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Study of the Photoconductivity Mechanism in Phthalocyanine Pigment Particles by Electric Field Modulated Time Resolved Fluorescence

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Phthalocyanine pigment particles represent an important class of organic photoconductors, which are extensively used in organic xerographic photoreceptors. Despite numerous studies, a complete picture of the carrier generation process in this class of materials has yet to emerge. In this paper we will present a detailed description of the photocarrier generation mechanism in TiOPc(I), TiOPc(IV), HOGaPc and x-H2Pc. We have studied the influence of electric field on both the integrated and time resolved fluorescence in photoconductive particles dispersed in a polymer matrix. Time resolved fluorescence decays were analyzed by fitting the data to a sum of two exponentials representing the fast and slow fluorescence components. For HOGaPc, TiOPc(I) and TiOPc (IV) the fast fluorescence component exhibits both amplitude and lifetime quenching. These results indicate that carrier generation in HOGaPc, TiOPc(I) and TiOPc (IV) originates from both relaxed and nonrelaxed intrinsic excited singlet states, while the trapped excitons do not lead to significant carrier production. In contrast, for x-H2Pc significant amplitude quenching of the fast component is observed only at high field and the trapped excitons are an important source of photogenerated carrier. This indicates that x-H2Pc possesses at least some bulk sensitized photocarrier generation. All of the phthalocyanines studied exhibited a quadratic dependence of integrated fluorescence quenching on electric field indicating the existence of a neutral carrier precursor state.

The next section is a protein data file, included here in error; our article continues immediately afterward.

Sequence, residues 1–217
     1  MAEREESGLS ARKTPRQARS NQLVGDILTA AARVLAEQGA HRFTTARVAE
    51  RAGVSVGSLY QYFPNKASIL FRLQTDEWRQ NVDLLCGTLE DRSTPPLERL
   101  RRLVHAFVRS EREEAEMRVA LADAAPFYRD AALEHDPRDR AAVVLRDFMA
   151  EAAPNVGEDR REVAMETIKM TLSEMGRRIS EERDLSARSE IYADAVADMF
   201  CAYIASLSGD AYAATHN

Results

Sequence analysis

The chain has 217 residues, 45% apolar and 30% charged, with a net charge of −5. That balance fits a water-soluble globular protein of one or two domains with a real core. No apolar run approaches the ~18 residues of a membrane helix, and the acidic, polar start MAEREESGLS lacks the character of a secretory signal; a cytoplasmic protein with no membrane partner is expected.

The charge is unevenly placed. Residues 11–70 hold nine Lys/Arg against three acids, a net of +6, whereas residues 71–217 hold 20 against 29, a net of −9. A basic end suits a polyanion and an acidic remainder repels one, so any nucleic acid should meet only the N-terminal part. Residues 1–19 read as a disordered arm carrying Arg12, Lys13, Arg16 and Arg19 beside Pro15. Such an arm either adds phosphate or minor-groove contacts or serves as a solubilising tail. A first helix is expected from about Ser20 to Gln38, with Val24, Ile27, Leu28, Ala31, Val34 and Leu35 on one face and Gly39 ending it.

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Document Type: Research Article

Publication date: January 1, 2003

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